To translate that to what a worker or someone knowledgeable about the occult sees when they read that review, "I purchased a quality handmade item from a reputable occultist. I have no idea how to use it. I probably use a screwdriver to unclog my toilet and a plunger to put in screws, because that would equate my level of ignorance with occult tools. I paid a lot of money, and so since I can't properly use this occult tool, I blame someone else for my own ignorance on how magic or the occult works, and I'm going to ruin this small business's reputation. If you help me, I'll ruin you too, because I'm a thoughtless, ignorant knob." Now, the fictional Brother Smyth? He already knows who you are now. You reviewed a one-of-a-kind item, but your codename on that review site would not have helped, because he probably makes 2 sales a day at best. He might have shared your real name and contact info with others so they don't suffer bad reviews from your ignorance, and you just lost a good deal of real occultists who will sell you items or services. The fakes will still "help" though. Those "review sites" are public, and so...you just committed a huge faux pas.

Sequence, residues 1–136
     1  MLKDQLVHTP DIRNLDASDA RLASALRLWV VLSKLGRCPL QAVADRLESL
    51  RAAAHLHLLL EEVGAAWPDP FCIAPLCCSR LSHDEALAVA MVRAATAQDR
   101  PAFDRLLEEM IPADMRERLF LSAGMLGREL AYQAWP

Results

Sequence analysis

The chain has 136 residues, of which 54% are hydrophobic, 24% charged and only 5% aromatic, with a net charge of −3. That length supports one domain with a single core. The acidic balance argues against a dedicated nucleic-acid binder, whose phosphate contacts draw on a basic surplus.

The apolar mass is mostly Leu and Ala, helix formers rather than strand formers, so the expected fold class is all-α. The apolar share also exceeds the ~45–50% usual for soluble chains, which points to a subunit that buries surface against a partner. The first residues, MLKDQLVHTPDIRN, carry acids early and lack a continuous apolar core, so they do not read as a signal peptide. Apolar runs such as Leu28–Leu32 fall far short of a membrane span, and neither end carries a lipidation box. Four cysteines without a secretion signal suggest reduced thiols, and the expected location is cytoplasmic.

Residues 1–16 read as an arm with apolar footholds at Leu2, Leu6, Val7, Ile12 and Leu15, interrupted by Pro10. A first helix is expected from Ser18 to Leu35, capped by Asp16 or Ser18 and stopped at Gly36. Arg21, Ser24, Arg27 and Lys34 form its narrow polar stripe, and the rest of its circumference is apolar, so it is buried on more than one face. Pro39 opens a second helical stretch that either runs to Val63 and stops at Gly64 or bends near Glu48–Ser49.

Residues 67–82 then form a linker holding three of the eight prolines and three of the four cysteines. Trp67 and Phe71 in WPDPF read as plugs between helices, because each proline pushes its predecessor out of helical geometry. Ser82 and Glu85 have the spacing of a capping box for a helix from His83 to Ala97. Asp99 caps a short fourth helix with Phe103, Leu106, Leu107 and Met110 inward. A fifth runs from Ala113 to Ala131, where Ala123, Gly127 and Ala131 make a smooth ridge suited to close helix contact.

Real spellcasters? We don't make tons of sales a day. Ten new spell sales a week would be so epic for me, that I'd probably have to shut down new orders for a week. If I handmade you an item described like the above, it's probably one-of-a-kind, so I'd know who you were. Also, the review you wrote (to other people probably as ignorant as one would have to be to think you wave a wand in the air and make wishes to use it,) will now impact that person's business forever. This fictional guy? He's making items that probably took him several days to make. He did it using traditional methods, using lots of prayer and using all his energy - and you just shit all over it to people, several of whom are likely as ignorant about how this stuff should work as you are, and called it ineffective. That's his sole source of income, and because someone ignorant can't properly use a tool, they gave him a poor review because he can't make a fictional wand that grants wishes just by waving it (no one I know can, because you don't use a wand like that.) Since a wand is just a tool, if it's not wielded by person who knows how to use it, it won't really be that effective. Even the finest ritual items and tools need will and intent, and the wisdom to be used properly. So basically, that review was like if you could take down the entire line of Craftsman tools just because you reviewed to a group that you bought a hammer from them once, swung it around in the air, and a new house didn't build itself when you did. Soooo, after that explanation, do you think a real occultist wants to work with someone like that, and do you understand why someone who behaves like the above fictional reviewer gets a bad client rep? ;)